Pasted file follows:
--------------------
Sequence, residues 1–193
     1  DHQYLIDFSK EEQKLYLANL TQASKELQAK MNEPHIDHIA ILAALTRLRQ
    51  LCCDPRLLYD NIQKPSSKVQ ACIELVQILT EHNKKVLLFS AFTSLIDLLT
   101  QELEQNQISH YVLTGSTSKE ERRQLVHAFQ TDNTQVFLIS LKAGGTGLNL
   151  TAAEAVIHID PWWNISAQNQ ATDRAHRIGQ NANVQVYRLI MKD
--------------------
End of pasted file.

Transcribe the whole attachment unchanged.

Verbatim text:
Sequence, residues 1–193
     1  DHQYLIDFSK EEQKLYLANL TQASKELQAK MNEPHIDHIA ILAALTRLRQ
    51  LCCDPRLLYD NIQKPSSKVQ ACIELVQILT EHNKKVLLFS AFTSLIDLLT
   101  QELEQNQISH YVLTGSTSKE ERRQLVHAFQ TDNTQVFLIS LKAGGTGLNL
   151  TAAEAVIHID PWWNISAQNQ ATDRAHRIGQ NANVQVYRLI MKD